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Old 04-30-2017, 08:12 PM   #18
Peter Goldsbury
 
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Re: Transmission, Inheritance, Emulation 28 (Part One)

Quote:
Silvčre Thommerel wrote: View Post
Dear Professor,
Reading each chapter of these columns I expected to see you to attempt to connect (or dissociate BTW) the effects of (communism?socialism?Marxism?) as a noosphere spreading in the world and the influence that must have reached Japan before and after WWII.
I rechecked and could only find these words in TIE#20.

https://en.wikipedia.org/wiki/Social...Imperial_Japan

What do you think of the impact of these ideas (for instance) on :
- O Sensei's building an art of peace
- Oomoto attacks on the Emperor
- Kissomaru's transforming Aikido into an art for the masses

I really hope my questions don't sound too abrupt or offensively stupid.
Thank you.
Hello,

Thank you for your post. Let me take the questions separately, but first, a note of caution. I think I have mentioned a few times that there are limitations in taking Morihei Ueshiba's own discourses at face value and this for two reasons. First, I know from other sources that they have been severely edited—with some items omitted—and, secondly, they have been incorporated into what we might term a ‘postwar narrative' concerning aikido. So, it is important to approach the life and work of Morihei Ueshiba from other, non-aikido, sources, and I have done this in a number of the columns, notably Column 9a / 22a.
I see you use the word noosphere and this reminded me of Teilhard de Chardin's use of the term, along with the Omega Point. Have you read him?

In Japan, the terms 右翼 [u-yoku: right-wing] and 左翼 [sa-yoku: left wing] are commonly used and the respective members of each group are clearly identifiable. On certain days of the year, the black sound trucks can be seen broadcasting military songs very loudly and, on the other hand, the radicals that disrupted university campuses in the late 60s were an extension of what happened in France, but were rather less violent.

The martial arts, understood collectively as a group, tend to be placed on the right of this spectrum, but the Aikikai studiously avoids any suggestion of political allegiance and employs the life of Morihei Ueshiba as a means to this end. On the other hand, I have direct experience of aikido clubs that regard aikido, along with other Japanese budo and bujutsu arts, as a powerful means to restore the ‘emperor system' to its rightful place, after its displacement by the US / Allied occupation in 1945. In so far as the postwar Aikikai colludes in this displacement, it, too, is thought to be misguided.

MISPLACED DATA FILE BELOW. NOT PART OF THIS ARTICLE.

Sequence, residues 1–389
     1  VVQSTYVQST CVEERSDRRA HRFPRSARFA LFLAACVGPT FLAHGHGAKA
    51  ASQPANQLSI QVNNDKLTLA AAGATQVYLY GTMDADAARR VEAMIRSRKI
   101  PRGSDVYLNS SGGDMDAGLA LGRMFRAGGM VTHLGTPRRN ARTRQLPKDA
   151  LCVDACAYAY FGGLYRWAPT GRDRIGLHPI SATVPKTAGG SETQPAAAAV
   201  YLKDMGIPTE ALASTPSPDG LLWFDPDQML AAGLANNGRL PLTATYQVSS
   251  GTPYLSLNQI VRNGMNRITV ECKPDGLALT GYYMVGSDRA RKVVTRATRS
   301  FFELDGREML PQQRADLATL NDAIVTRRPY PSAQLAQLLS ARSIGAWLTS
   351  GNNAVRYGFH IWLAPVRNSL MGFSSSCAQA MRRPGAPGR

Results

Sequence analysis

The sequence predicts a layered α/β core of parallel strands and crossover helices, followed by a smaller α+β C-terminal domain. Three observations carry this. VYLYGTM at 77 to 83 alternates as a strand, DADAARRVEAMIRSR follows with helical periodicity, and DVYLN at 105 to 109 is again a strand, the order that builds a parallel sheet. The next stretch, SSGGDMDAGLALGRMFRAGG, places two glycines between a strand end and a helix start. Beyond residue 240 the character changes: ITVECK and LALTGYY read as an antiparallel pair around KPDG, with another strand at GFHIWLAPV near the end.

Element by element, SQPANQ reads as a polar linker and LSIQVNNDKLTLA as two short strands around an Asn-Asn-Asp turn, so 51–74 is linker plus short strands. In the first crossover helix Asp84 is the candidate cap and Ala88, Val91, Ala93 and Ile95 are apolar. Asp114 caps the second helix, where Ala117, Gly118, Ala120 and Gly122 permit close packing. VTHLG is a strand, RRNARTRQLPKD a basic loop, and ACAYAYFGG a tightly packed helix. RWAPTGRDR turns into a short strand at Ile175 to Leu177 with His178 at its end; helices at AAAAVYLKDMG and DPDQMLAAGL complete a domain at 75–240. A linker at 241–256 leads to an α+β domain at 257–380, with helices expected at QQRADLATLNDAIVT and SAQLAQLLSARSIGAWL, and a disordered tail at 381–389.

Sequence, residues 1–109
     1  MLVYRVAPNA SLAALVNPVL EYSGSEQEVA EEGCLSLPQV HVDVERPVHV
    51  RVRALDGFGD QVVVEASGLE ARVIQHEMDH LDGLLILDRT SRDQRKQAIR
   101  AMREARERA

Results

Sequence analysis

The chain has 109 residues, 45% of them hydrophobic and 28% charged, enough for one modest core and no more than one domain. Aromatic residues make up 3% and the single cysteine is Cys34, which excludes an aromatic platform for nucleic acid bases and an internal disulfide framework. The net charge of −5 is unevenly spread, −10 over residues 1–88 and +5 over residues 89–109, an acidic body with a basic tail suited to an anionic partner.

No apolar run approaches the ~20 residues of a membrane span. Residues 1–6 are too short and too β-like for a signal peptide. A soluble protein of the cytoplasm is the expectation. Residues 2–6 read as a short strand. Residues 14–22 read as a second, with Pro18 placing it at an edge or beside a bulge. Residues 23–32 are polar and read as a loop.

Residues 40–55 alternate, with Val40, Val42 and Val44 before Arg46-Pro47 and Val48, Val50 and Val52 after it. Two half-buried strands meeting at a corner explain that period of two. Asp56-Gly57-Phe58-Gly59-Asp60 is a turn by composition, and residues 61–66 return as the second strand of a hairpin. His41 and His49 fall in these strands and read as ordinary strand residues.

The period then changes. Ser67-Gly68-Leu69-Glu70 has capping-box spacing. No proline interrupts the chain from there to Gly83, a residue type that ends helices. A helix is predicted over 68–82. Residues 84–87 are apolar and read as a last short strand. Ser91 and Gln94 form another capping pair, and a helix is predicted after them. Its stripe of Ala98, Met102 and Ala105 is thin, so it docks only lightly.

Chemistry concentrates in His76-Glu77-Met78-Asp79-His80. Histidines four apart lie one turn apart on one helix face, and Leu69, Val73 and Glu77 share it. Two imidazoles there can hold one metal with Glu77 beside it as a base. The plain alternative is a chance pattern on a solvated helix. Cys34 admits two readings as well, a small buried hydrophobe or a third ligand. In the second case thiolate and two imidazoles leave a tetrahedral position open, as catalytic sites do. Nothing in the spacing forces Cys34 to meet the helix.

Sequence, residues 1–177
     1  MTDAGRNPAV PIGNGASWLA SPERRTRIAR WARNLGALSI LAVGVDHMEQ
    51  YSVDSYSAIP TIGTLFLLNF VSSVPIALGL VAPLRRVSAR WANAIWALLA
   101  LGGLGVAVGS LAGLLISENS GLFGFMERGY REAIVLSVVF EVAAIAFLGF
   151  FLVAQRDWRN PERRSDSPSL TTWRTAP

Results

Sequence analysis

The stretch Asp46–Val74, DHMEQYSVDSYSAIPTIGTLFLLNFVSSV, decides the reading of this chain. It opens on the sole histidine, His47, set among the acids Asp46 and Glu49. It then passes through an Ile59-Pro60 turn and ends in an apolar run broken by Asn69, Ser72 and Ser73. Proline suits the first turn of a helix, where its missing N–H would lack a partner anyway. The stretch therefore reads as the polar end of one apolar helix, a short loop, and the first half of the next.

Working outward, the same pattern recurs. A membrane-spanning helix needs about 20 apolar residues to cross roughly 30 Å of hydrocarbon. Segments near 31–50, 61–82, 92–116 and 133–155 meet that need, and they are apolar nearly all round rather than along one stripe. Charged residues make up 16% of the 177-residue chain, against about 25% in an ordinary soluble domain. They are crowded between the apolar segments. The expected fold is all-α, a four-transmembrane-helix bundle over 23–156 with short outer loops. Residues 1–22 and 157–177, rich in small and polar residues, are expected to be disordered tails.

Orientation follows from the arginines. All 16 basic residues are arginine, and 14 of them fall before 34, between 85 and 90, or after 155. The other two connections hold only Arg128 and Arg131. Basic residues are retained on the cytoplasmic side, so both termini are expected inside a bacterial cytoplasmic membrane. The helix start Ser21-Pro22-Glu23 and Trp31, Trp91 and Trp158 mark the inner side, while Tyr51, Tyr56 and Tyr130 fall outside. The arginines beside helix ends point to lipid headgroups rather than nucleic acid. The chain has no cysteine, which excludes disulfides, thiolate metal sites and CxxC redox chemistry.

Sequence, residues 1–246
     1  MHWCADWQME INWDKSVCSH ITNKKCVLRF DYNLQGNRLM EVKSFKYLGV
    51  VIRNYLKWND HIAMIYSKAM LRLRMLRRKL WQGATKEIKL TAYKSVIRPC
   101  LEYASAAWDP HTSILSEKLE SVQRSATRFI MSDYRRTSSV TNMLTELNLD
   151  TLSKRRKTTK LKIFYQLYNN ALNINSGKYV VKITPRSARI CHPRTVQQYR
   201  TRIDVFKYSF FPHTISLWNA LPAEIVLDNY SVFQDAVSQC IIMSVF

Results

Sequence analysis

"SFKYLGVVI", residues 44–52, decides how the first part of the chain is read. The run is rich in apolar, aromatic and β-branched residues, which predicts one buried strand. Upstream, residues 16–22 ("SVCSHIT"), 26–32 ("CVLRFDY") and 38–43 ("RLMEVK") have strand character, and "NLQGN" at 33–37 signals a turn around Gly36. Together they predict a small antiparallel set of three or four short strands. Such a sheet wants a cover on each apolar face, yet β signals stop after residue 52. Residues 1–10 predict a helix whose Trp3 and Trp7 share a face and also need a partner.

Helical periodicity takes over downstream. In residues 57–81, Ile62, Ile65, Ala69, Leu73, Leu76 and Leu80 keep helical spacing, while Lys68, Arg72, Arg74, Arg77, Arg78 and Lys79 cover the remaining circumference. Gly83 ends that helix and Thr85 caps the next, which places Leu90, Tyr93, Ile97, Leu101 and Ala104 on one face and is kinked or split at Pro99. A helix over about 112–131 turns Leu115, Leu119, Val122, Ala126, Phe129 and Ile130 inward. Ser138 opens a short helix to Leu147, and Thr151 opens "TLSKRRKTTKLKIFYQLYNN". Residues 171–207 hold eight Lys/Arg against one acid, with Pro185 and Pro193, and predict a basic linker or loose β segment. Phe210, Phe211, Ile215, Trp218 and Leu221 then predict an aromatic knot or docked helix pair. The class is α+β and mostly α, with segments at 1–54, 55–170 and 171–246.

Quote:
Silvčre Thommerel wrote: View Post
- O Sensei's building an art of peace
I think John Stevens has produced a book with this title and this, too, fits the ‘postwar narrative' concerning aikido. And Stevens might be right. He has arranged the quotes into a series of aphorisms that could serve as postwar slogans. I live in Hiroshima and the protestations concerning world peace form a local ‘noosphere' here. However, it is sometimes used as a slogan that masks similar inequalities and discrimination against minorities that can be found in other large cities.

The issue here is whether the Stevens interpretation is what Ueshiba actually meant, and whether it is the only possible interpretation.

Quote:
Silvčre Thommerel wrote: View Post
- Oomoto attacks on the Emperor
I suggest that you take a close look at Thomas Nadolski's doctoral thesis concerning the suppression of Omoto and follow this up with Nancy Stalker's book on Omoto. I think that Deguchi certainly changed his views about this.

Quote:
Silvčre Thommerel wrote: View Post
- Kissomaru's transforming Aikido into an art for the masses
I think I have explained Kisshomaru's aims and motivations up to a point, but evidence is lacking as to whether these are in any way connected with communism, socialism or Marxism. Even if they were, I do not think we would find this in the publications produced by the Aikikai.

Best wishes,

P A Goldsbury
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